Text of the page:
I love how down to earth (Middle Earth!) Sir Peter is and this first look into what promises to be an unprecedented documentation of modern movie making (3D, yo!) and down-home togetherness (the Maori blessing of the set and hongi greetings portrayed in this, the first, ten minute video blog are heart-warming) the likes of which Ringers the world 'round will lap up with fervor. Keep 'em coming, Kiwis!
Happy New Zealand Day!
The Haast's Eagle, the largest bird of prey (until extinction) attacking a flightless moa (also extinct)
The islands that make up what today is known as New Zealand were, for centuries, uninhabited by people. Due to isolation, the islands hosted many distinct creatures and were dominated by large birds. There were no land mammals, only bats and the marine variety on the coast.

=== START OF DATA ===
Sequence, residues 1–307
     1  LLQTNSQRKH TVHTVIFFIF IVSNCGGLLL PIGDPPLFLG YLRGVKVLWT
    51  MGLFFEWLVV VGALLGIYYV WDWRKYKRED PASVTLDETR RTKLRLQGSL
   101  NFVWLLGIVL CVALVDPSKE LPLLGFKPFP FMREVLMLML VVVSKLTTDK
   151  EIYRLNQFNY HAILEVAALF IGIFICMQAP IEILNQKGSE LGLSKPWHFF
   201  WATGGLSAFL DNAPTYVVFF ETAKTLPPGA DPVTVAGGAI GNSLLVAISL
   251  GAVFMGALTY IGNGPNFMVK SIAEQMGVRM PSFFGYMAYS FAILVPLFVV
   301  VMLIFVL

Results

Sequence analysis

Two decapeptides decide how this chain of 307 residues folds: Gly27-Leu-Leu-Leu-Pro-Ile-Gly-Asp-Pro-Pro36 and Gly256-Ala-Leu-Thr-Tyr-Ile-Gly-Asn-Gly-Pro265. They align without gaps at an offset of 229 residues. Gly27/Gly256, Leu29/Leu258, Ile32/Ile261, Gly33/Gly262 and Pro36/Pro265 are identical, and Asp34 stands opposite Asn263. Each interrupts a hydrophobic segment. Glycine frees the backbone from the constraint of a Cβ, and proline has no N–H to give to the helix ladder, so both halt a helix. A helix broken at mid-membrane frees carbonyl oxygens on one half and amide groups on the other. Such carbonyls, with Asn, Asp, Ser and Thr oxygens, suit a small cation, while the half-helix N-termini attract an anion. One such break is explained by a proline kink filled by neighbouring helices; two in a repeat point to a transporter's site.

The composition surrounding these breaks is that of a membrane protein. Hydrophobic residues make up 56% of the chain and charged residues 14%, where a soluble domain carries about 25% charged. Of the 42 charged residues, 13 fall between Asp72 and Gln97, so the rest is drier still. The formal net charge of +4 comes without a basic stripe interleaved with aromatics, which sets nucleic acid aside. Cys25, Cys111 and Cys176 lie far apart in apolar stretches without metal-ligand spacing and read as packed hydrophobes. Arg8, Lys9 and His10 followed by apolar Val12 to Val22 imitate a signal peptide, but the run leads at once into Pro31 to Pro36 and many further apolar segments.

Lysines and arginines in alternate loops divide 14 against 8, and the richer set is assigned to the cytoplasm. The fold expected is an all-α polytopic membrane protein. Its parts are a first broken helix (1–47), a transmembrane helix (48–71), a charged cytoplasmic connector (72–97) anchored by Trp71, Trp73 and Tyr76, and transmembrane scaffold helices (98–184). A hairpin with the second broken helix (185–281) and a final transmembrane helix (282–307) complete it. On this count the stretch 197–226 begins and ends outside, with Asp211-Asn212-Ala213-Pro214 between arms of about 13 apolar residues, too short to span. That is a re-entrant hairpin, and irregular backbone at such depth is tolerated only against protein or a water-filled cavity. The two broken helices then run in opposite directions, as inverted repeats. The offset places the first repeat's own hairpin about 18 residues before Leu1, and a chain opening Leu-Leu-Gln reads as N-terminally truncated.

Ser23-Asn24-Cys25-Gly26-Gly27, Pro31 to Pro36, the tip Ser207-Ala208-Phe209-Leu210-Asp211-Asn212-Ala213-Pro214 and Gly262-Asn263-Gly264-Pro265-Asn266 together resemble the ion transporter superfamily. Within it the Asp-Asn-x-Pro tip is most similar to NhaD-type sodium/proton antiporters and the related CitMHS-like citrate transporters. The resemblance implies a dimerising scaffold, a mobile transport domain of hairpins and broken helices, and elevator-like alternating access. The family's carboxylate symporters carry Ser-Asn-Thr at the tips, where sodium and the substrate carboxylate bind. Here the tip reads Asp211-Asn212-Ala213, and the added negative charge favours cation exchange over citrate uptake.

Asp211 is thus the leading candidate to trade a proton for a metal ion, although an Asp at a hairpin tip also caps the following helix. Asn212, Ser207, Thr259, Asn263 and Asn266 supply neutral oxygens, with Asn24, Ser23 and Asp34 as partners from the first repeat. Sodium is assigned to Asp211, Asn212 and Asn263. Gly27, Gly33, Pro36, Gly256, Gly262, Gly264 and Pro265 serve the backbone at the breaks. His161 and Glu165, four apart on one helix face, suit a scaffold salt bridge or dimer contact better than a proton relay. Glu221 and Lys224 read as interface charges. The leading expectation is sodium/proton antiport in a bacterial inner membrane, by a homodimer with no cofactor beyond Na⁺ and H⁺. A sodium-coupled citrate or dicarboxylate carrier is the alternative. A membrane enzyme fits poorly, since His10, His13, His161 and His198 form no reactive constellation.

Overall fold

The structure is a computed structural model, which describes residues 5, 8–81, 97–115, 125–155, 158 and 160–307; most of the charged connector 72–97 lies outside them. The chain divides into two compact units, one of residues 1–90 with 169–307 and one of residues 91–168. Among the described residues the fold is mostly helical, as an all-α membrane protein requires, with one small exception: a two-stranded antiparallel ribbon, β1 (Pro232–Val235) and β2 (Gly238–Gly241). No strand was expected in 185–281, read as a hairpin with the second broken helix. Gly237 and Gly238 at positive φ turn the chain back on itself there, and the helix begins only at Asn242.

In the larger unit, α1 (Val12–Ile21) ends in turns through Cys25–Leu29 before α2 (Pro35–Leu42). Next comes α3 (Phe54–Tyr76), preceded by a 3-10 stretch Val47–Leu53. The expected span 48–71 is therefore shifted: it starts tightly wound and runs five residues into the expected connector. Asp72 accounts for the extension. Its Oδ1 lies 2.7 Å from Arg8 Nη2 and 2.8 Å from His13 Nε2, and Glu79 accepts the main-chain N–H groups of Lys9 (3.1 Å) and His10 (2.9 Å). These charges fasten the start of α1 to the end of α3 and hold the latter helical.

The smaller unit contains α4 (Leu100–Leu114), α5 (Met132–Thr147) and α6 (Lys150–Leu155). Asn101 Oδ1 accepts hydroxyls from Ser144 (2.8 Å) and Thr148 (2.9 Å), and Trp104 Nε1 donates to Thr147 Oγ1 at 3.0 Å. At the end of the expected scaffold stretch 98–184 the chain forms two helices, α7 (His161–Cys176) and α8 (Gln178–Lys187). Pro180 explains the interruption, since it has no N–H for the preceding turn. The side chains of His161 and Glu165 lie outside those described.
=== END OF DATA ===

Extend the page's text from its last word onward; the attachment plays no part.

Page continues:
a Maori warrior a group of Moriori
Austronesians came from Polynesia sometime between 800 and 1300 A.D, making New Zealand one of the last major land masses to be settled by people. These people organized into groups called hapu. Over time, they came to refer to themselves collectively as Māori. They called the North Island Te Ika a Māui (the fish of Māui) and the South Island Te Wai Pounamu (the waters of jade) or Te Waka a Māui (the canoe of Māui). Around 1500, a group split off and migrated to Rekohu and developed a culture known as Moriori. These people embraced Pacifism which served them poorly when they were massacred and cannibalized by the Maori in the 1830s. The remaining Moriori, who'd adapted to the harsh climate of Rekohu, died out completely in the early 20th century.
Able Tasman James Cook